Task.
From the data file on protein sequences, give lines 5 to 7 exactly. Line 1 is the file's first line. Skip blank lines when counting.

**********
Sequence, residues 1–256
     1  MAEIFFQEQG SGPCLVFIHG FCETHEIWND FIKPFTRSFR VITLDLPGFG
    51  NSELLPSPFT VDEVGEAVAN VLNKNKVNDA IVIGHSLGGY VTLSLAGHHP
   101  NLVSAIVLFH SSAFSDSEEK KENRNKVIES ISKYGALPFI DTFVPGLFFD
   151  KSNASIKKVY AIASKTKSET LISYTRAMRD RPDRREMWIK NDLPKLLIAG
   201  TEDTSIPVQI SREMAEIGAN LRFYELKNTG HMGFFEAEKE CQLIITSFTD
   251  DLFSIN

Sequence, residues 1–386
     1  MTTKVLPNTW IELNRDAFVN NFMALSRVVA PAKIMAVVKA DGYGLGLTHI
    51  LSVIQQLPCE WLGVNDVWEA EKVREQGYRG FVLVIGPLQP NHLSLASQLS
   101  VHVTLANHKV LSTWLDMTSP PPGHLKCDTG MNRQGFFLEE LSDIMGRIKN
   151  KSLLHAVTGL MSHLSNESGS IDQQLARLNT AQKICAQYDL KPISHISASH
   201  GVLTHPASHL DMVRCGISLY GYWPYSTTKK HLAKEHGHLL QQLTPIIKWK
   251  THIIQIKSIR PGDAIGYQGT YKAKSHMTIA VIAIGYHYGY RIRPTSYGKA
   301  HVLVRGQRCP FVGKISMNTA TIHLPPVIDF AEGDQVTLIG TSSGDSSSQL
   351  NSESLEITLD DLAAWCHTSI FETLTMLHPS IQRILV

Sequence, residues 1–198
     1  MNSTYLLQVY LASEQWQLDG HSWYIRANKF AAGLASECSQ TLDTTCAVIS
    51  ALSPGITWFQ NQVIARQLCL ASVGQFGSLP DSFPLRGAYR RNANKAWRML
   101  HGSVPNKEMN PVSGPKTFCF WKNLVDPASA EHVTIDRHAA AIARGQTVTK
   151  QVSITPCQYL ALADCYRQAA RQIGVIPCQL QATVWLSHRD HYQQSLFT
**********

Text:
   151  KSNASIKKVY AIASKTKSET LISYTRAMRD RPDRREMWIK NDLPKLLIAG
   201  TEDTSIPVQI SREMAEIGAN LRFYELKNTG HMGFFEAEKE CQLIITSFTD
   251  DLFSIN